So now I have a decision to make. Does this go in the potential gift pile, or do I keep it for myself? Since it’s the same yarn I used to make a shawl earlier this year, I’m leaning toward keeping it. Time will tell.

Malabrigo cowl2

Knitting

Pink Basketweave Sweater

A new top for spring! And the way it’s been warming up lately, just in time. Sigh. I don’t really feel I got full use out of my winter wardrobe this year. It took so long for any cold weather to arrive, and it’s been so warm so often.

Pink Cable Sweater 2But I digress. The pattern is from Vogue Knitting, Spring/Summer 2012, pattern #28, “Cap Sleeve Top.” It was designed by Wenlan Chia for Twinkle Knits, those big chunky yarns that were popular a few years ago — and have since been discontinued. Oh well. I had a stash of Rowan Wool Cotton yarn (also discontinued) and I put it to work, using two strands to get the desired gauge.

Actually, the Twinkle yarn the pattern calls for also used two strands held together. I didn’t know that Twinkle had ever made a DK weight yarn, but that’s useless trivia now.

Anyway, I used size 11 needles for the body of the sweater, just as the pattern suggested. The ribbing required size 8 needles, but I used 9s for the bottom band. I did use 8s for all the rest of the ribbing, including the bands that were knit separately and attached.

Attaching those bands was a tiny bit tricky, You’re knitting two separate pieces together, and it’s easy to miss — and drop — stitches.

I’ve done this basketweave stitch before, and while I like the look, knitting it is a tiny bit tedious. You’re using that cable needle A LOT. The chunky yarn compensated for that, however, and it’s only in the front, so overall, this sweater knit up very quickly.

Even though I had the same yardage and weight as the suggested yarn, I was concerned it wasn’t going to be enough (as I said before, this was stash yarn that’s been discontinued, so I couldn’t get any more), so I knit the sweater two inches shorter than the pattern length. As it turns out, I was really close on the yarn, so that was a wise decision, but I think I would have liked the extra length.

Pink Cable SweaterI expect this to be a great transition weather sweater, one I could even wear as a vest over a blouse (I have one that would be just right, I think), but it will be far too heavy for our very hot summers.

I was surprisingly happy with the neckline. That’s such a tricky part of knitting, knowing whether or not the neckline will work for you.

Overall, this project was a success!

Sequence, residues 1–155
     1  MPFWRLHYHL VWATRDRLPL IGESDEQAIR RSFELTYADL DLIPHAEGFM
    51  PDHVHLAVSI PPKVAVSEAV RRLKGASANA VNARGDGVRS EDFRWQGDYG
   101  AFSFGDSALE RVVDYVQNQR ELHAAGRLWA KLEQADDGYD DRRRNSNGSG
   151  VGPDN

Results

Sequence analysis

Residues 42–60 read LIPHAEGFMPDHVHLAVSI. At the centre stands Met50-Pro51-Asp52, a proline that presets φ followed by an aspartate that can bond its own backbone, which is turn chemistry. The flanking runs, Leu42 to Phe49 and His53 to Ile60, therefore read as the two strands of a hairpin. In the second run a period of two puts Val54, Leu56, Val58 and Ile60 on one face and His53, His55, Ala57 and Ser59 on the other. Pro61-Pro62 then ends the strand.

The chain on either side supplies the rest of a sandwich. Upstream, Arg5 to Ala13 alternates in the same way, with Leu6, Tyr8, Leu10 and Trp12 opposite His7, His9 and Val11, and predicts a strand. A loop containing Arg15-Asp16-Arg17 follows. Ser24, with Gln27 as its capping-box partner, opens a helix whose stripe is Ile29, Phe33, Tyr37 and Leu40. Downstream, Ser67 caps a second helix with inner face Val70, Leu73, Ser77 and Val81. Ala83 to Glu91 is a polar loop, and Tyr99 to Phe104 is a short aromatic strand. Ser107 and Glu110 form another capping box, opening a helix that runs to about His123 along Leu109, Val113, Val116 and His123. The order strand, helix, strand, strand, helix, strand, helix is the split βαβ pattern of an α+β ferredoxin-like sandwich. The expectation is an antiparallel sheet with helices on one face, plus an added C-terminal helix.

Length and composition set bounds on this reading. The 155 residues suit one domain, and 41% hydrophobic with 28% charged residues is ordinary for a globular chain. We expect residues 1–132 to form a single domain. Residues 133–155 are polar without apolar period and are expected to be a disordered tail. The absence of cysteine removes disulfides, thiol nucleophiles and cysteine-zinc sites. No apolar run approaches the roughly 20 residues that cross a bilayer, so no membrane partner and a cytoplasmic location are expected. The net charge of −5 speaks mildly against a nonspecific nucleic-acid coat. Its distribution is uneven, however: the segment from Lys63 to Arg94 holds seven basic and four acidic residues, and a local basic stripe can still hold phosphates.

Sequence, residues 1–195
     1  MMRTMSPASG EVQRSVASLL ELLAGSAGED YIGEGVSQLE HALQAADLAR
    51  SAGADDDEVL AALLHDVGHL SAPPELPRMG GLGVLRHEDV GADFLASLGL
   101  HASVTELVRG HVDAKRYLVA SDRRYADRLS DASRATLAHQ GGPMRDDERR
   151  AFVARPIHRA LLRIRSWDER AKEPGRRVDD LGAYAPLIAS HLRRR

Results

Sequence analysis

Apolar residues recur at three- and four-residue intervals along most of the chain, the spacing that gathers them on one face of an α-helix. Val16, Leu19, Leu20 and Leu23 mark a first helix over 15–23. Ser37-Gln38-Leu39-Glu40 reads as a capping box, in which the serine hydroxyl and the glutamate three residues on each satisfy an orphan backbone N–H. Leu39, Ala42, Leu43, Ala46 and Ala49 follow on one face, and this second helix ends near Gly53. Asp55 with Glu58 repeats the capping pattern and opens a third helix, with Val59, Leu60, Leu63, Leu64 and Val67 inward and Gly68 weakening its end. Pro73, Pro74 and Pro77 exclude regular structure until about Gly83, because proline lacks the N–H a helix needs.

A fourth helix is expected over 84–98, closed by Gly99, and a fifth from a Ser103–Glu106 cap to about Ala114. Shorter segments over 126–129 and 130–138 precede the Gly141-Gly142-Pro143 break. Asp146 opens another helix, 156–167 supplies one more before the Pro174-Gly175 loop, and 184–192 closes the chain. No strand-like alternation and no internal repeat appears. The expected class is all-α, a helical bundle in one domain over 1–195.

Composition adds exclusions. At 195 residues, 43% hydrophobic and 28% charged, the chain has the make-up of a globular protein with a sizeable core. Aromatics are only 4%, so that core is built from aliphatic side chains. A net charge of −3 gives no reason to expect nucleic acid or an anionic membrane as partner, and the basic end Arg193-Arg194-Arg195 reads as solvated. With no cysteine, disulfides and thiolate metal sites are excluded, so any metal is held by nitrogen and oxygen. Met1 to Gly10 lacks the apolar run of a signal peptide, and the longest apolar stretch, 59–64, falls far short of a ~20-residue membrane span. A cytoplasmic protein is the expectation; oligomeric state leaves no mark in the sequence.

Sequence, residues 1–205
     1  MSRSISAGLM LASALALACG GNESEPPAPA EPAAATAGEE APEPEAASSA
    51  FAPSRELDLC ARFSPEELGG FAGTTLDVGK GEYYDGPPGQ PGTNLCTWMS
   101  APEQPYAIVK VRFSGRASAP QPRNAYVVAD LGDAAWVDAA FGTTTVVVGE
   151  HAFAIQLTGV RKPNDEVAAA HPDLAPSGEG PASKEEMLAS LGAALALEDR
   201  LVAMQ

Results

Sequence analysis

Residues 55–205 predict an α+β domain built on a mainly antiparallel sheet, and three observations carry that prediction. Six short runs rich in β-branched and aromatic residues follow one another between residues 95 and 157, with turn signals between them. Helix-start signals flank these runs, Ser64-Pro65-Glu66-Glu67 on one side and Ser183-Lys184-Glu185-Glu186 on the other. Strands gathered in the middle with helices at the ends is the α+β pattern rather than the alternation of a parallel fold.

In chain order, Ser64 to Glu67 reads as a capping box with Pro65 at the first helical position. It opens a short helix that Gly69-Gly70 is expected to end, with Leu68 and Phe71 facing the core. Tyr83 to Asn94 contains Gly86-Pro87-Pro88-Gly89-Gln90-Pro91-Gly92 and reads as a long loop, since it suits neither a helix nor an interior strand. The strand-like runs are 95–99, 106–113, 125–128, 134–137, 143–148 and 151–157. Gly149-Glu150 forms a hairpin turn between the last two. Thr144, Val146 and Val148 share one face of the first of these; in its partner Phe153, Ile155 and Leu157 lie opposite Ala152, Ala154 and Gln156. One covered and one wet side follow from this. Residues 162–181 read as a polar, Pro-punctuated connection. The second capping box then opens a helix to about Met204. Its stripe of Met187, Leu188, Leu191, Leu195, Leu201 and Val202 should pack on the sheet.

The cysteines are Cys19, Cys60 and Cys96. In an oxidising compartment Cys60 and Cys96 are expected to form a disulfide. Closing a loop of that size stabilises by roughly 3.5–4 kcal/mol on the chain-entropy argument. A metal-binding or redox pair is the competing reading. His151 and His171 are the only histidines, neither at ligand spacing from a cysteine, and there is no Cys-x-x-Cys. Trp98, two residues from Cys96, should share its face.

Knitting

Lovely Grey Shawl

Just finished this shawl, and I’m looking for a place to wear it. (Of course the weather has just gotten very warm here in my area, but I trust it will cool off again before spring truly arrives.) Great design, one that looks more complicated than it was to make.

Grey Lace Shawl

The pattern is from Vogue Knitting Holiday 2016, pattern #4 “Faux Cable Shawl.” I’m not sure I’d really call it a “faux cable,” more of a “medallion lace,” but no matter, the result of this lace pattern is desirable. As you might guess, you knit the same pattern repeat for the bulk of the piece. It’s a twelve-row pattern, one that increases by 12 stitches with each repeat. It knit up very quickly and was a pleasure to work on. I seemed to get through each pattern repeat so quickly, despite the increases!

I used five skeins of DK Merino Superwash by Plymouth in Light Gray (love the simple way they name their yarns!), which knit up to gauge with a size seven needle. The pattern called for a 48″ circular needle, and while I eventually outgrew my 24″, the 40″ I ended up with wasn’t necessary to comfortably accommodate all the stitches. I believe a 32″ would have been fine, and maybe a little easier to work with. But, to each his own.

The yarn I used isn’t as dressy as the yarn used in the pattern, but it knit up beautifully. I’m very pleased with my choice.

I wet-blocked the shawl, and initially it stretched out several inches wider than the finished size listed in the pattern. However, as it dried, due to the nature of the lace pattern, it regained some of the “bubbly” texture it had as I was knitting it, which pulled it back to the listed size.

The picot edge didn’t come out quite like the picture in the magazine, however, it did pull those points out and give it the intended swoopy-edge (you can’t really see that in the above picture, but the final result had the swoops).

I was going to put this on my sofa and use it as a convenient decorative piece I could wrap myself up in on cold evenings, but once I took a good look at the throw currently serving that purpose, I changed my mind. My cats somehow think knit pieces on the back of the sofa are akin to scratching posts, and that poor throw is so pilled from being clawed. I don’t want that to happen to this shawl!

Knitting

These Chickens Don’t Lay Eggs

Look for “chickens” in a pattern search on Ravelry and you’ll find more than 300 patterns each for knitters and crocheters, but none is as charming as “Esther, Ernie and Enid.” Their added value is just how easy they are to make.